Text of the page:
By Nayoung Weaver & Rama Ndiaye – AIELOC Fellows

“Education […] helps people to understand the character of the oppressions, exploitations, exclusions, and destructions committed against humanity.” – excerpt from the AIELOC Equity Statement

We just want to be teachers. We entered this profession to give hope to our future generation. One of our biggest desires is to help our learners discover that critical thinking skills along with well-rounded knowledge are tools that can improve humanity as a whole. As the AIELOC equity statement highlights, students need these tools to understand the permanent oppression and exploitation present in the world in order to dismantle them.

We just want to be teachers because empowering learners with global, historical, and cultural contexts and understanding is one of the best ways to improve our society.

We just want to be teachers because one of the most rewarding aspects of our profession is witnessing learners flourish as they discover the different ways in which their humanity is valued and that they, too, can have a positive impact on our world.

We just want to be teachers because we know that fostering our students’ global-mindedness can help them cultivate progress and cherish, with love, the importance of our interconnectedness and our shared humanity.

We just want to be teachers. Yet, since Diversity, Equity, Inclusion, and Justice (DEIJ)  became more globally mainstream, marginalized international educators spend more time and precious energy towards dismantling racist systems that have taken centuries to build.

We just want to be teachers. Unfortunately, the burden of a meaningful, well-established, and culture-wide anti-racist school environment continues to fall on BIPOC and other historically marginalized educators and leaders. This oppressive practice can no longer be the norm.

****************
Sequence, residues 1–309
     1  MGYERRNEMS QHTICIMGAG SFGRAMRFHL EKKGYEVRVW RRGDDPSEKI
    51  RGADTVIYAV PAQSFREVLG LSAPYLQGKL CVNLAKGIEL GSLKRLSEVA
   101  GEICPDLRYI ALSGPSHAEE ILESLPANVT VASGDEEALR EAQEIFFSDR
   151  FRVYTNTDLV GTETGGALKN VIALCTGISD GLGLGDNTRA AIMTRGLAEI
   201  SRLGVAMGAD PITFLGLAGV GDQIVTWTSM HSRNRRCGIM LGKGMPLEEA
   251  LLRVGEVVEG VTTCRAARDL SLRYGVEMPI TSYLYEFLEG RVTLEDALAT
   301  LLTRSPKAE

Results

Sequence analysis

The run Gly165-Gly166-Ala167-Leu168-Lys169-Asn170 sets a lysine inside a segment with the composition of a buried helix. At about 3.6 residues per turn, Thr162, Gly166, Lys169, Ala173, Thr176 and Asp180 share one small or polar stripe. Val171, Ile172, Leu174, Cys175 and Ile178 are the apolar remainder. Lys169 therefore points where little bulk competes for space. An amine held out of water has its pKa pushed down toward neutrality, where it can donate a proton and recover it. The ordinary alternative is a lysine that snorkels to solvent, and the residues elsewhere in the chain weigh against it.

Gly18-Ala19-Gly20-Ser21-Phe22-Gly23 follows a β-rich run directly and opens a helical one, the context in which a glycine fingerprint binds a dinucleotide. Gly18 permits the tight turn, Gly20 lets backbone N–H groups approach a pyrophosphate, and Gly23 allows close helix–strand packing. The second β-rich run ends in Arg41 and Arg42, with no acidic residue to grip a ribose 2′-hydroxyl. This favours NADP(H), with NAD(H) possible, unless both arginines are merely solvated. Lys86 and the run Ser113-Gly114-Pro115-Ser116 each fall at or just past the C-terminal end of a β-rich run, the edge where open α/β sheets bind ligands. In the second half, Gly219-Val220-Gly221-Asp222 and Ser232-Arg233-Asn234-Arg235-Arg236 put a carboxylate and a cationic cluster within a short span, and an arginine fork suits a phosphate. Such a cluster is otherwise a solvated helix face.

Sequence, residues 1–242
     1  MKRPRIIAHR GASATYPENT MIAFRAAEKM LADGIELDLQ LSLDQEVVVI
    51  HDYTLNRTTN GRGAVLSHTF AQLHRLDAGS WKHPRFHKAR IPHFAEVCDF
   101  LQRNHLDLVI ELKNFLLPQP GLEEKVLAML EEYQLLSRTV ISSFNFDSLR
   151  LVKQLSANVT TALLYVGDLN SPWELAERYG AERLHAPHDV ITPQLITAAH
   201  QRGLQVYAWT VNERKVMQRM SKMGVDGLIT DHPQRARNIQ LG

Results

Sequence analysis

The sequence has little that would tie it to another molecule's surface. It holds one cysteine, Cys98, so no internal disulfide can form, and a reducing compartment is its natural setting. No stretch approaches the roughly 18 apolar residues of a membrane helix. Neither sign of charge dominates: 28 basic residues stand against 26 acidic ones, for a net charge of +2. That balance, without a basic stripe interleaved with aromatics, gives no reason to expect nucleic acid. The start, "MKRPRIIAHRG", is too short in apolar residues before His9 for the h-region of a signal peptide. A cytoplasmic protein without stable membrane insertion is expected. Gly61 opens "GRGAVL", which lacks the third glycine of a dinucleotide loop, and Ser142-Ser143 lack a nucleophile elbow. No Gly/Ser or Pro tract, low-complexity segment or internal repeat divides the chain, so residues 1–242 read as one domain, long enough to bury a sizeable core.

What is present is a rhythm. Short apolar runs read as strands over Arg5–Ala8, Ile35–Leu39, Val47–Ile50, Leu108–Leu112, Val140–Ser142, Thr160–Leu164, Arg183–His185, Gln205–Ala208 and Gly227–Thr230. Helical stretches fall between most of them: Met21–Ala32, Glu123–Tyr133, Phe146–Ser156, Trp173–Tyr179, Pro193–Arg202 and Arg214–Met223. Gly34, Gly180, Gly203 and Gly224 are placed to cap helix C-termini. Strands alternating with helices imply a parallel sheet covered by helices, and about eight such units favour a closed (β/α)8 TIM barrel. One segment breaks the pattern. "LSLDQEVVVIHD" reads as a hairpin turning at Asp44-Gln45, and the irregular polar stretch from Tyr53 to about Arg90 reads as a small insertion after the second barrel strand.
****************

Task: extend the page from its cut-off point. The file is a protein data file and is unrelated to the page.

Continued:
This open letter is a call to action to all members of the international school ecosystem:

  1. To white educators and leaders:
    1. Turn to each other and reflect on your prejudices;
    2. List your privileges and meaningfully use them every day to support educators, students and families of color;
    3. Be humble when marginalized educators and leaders share their stories. Take it for the love that it is and attentively listen to their lived experience;
    4. Be aware and self-reflect on your fragility when marginalized groups need their own space;
    5. Fight for hazard pay for marginalized individuals;
    6. Support humans over institutions.
    7. Seek out and learn BIPOC stories and intentionally de-center dominant narratives.
    8. Work to dismantle the racist system not serving all
  2. To BIPOC educators and leaders:
    1. Understand and reflect on your internalized oppression;
    2. Fight the impulse to continue laboring under the white gaze;
    3. Find safe and brave spaces to keep telling your stories;
    4. Reach out to marginalized students;
    5. Heal: invest in your self care;
    6. Create solidarity with each other;
    7. Amplify and uphold each other;
    8. Disrupt discriminatory practices as a team.
  3. To white DEIJ consultants:
    1. Educate every client about your privilege;
    2. Give up your platform to BIPOC consultants;
    3. Amplify the voices of anti-racist BIPOC;
    4. Consistently and continuously educate yourself about your role in this white supremacist world.
  4. To accrediting organizations:
    1. Hire BIPOC-vetted and anti-racist accreditation peer evaluators (such as consultants from AIELOC);